San Diego State Aztecs
How did your redshirt year at SDSU prepare you for your path in the NBA?
It’s really crazy. It’s literally the same thing like they’re really like the same thing. When I talk to people, I always (say) ‘it’s just like redshirt year.’ I wasn’t playing in the games. It was strictly all practice, extra workouts – that’s all it was – extra weights. So I was already used to working out and working hard so much. When I got here, it was the same mentality, really. I always bring it back to when I redshirted my freshman year. It helped me a lot.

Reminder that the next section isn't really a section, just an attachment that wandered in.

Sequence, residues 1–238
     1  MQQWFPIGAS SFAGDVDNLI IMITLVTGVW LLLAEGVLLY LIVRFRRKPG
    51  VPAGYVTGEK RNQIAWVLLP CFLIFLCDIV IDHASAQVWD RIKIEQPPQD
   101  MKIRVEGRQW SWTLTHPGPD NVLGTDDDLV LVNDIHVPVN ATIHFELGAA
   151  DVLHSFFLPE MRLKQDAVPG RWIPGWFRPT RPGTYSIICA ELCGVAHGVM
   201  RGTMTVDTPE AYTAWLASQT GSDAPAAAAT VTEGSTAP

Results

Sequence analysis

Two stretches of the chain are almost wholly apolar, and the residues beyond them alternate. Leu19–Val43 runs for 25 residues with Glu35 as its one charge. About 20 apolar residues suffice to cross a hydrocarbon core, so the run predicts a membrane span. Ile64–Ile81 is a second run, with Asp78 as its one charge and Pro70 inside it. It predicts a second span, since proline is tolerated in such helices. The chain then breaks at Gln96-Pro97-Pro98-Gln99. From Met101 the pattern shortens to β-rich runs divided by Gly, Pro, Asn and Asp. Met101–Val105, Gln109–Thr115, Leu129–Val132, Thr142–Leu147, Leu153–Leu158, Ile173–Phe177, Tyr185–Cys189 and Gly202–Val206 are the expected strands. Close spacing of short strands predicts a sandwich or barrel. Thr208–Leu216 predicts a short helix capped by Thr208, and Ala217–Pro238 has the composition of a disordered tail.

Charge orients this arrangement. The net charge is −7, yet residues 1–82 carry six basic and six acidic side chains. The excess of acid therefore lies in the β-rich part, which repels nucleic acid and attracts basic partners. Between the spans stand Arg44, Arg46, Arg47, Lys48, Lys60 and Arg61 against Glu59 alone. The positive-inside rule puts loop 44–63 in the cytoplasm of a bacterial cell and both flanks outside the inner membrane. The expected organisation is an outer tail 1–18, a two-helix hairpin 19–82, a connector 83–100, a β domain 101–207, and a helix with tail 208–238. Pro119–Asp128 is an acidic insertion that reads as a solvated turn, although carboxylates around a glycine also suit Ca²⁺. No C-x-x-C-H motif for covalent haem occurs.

What advice would you give Jordan Schakel and Matt Mitchell as they enter the NBA draft process?
The advice I would give them is: during the workouts, just go hard. It’s going to be rough, but you gotta stay positive, get through it. Hopefully, they get picked up. When they get to the league, I feel like they’re definitely prepared to play. We’ll just have to see what’s up.
What lessons from Coach Fisher and Coach Dutcher still speak to you today?
They were always (said), “don’t get to like high or too low. Always stay level-headed.” I always have kept that in my mind. You have a good game, but you have a game tomorrow, so you have to do it again. You can’t be too stuck on it, saying, “Oh my God had a good game!” But you need to do the same thing tomorrow. Just staying level-headed, not getting big-headed. And just staying positive, really? That’s the biggest thing.
What message would have for Aztec Nation?